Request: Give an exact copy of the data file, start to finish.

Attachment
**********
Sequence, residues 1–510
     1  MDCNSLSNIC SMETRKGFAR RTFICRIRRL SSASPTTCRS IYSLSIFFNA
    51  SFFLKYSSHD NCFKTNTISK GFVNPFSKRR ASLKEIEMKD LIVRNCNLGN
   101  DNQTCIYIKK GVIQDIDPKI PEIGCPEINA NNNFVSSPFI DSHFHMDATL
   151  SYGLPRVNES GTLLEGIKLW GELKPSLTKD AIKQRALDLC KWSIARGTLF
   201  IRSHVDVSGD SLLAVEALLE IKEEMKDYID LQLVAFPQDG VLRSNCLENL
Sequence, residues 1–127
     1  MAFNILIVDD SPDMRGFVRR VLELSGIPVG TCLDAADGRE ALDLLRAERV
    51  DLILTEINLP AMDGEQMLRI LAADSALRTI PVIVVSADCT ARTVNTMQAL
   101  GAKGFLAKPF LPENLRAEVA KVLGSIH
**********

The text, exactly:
Sequence, residues 1–510
     1  MDCNSLSNIC SMETRKGFAR RTFICRIRRL SSASPTTCRS IYSLSIFFNA
    51  SFFLKYSSHD NCFKTNTISK GFVNPFSKRR ASLKEIEMKD LIVRNCNLGN
   101  DNQTCIYIKK GVIQDIDPKI PEIGCPEINA NNNFVSSPFI DSHFHMDATL
   151  SYGLPRVNES GTLLEGIKLW GELKPSLTKD AIKQRALDLC KWSIARGTLF
   201  IRSHVDVSGD SLLAVEALLE IKEEMKDYID LQLVAFPQDG VLRSNCLENL
Sequence, residues 1–127
     1  MAFNILIVDD SPDMRGFVRR VLELSGIPVG TCLDAADGRE ALDLLRAERV
    51  DLILTEINLP AMDGEQMLRI LAADSALRTI PVIVVSADCT ARTVNTMQAL
   101  GAKGFLAKPF LPENLRAEVA KVLGSIH